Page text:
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Lack of Vitamin D Doubles Use of Narcotic Pain Medicine
Submitted by Kathleen Blanchard
A new study from Mayo Clinic suggests that narcotic pain medicine use can be cut in half in chronic pain sufferers by checking for adequate levels of vitamin D. Chronic pain is a difficult problem to treat, and the study hopes to lend insight into chronic pain management.
The study showed that people who did not have adequate levels of vitamin D required more narcotic pain medication compared to those with sufficient levels of vitamin D. Chronic pain sufferers took twice as much pain medication when vitamin D levels were low.
Other consequences found in the study from too little vitamin D included increased body mass index (BMI) among those with decreasing levels of vitamin D. Health perceptions and level of function was also found to be lower in the presence of low levels of vitamin D. Those without enough vitamin D also reported poorer perceptions of overall health.
Michael Turner, M.D., a physical medicine and rehabilitation physician at Mayo Clinic and lead author of the study says, "This is an important finding as we continue to investigate the causes of chronic pain. Vitamin D is known to promote both bone and muscle strength. Conversely, deficiency is an under-recognized source of diffuse pain and impaired neuromuscular functioning. By recognizing it, physicians can significantly improve their patients' pain, function and quality of life."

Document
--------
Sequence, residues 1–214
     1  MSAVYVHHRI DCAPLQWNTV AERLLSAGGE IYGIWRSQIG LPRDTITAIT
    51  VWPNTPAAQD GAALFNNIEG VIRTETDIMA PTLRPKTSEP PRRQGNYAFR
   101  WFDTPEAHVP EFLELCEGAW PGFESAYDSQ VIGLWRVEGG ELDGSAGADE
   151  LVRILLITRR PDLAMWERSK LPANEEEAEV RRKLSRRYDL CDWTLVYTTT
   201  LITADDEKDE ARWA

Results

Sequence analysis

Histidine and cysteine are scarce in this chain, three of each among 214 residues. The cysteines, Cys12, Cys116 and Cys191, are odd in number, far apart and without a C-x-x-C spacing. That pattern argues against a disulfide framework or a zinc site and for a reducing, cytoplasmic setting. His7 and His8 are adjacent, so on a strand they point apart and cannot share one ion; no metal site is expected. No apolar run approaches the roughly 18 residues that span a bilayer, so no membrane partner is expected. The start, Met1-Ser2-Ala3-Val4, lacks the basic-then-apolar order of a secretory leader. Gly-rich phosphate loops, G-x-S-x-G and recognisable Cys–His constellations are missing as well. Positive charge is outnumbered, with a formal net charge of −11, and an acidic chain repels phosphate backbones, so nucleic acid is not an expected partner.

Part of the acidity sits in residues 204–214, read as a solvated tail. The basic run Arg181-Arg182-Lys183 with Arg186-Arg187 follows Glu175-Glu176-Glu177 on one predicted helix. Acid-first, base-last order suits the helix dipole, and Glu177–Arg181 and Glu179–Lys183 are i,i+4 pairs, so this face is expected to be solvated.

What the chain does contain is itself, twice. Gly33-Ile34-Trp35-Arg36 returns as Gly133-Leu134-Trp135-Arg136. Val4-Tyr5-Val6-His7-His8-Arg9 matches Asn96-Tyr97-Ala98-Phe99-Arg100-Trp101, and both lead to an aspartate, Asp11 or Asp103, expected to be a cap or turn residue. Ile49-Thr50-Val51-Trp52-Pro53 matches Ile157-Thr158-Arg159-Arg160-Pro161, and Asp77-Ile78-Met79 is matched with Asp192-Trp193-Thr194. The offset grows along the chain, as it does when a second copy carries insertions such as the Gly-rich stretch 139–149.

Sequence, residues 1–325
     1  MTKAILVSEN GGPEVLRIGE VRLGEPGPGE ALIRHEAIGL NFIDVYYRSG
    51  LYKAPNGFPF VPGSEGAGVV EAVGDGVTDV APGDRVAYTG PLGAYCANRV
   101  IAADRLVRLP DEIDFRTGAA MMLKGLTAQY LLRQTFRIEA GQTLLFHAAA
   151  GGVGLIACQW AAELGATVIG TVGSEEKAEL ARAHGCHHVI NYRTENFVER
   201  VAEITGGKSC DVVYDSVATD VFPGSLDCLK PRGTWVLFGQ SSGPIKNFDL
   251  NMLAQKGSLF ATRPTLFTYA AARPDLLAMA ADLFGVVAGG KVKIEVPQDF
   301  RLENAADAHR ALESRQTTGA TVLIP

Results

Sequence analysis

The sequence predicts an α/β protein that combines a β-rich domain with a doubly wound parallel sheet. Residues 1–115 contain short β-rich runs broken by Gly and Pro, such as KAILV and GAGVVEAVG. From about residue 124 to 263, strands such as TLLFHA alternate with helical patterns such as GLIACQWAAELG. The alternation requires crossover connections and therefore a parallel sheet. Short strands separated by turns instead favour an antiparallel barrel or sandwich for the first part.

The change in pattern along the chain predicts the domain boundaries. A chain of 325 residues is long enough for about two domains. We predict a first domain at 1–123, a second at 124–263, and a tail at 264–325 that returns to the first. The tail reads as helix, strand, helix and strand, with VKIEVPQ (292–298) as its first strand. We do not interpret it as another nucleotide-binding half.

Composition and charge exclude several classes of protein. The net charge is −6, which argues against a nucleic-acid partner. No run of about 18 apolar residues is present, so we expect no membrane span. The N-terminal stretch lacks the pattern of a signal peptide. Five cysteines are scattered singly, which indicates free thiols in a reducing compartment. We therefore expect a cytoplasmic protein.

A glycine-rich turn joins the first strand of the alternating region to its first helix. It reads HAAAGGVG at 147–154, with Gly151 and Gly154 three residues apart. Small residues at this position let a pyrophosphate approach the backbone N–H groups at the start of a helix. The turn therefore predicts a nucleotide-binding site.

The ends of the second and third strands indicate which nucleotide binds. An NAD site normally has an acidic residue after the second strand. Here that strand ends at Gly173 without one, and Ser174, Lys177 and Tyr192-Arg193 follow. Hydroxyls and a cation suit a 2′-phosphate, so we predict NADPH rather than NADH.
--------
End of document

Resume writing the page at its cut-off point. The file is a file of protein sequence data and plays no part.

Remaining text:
The study authors suggest that anyone suffering from chronic pain should have their levels of vitamin D checked. They also suggest that anyone with fibromyalgia or diffuse pain on muscle palpation may be suffering from low levels of vitamin D.
Lack of sunshine, obesity, and dark skin pigment are risk factors for vitamin D deficiency. A simple blood test can check vitamin D levels. The good news is correcting vitamin D deficiency is inexpensive and simple. Vitamin D supplements are available at any drugstore.
Vitamin D is important for reducing inflammation, and is now linked to double the use of narcotic medication among those suffering from chronic pain.
Physicians are encouraged to consider checking vitamin D levels in anyone at high risk, or complaining of diffuse pain, a symptom of vitamin D deficiency. Chronic pain is a leading cause of disability in the United States.
The study shows that a simple blood test for vitamin D levels may identify a missed source of chronic pain, and help chronic pain sufferers limit narcotic use by ensuring adequate levels of Vitamin D.
source rafed network
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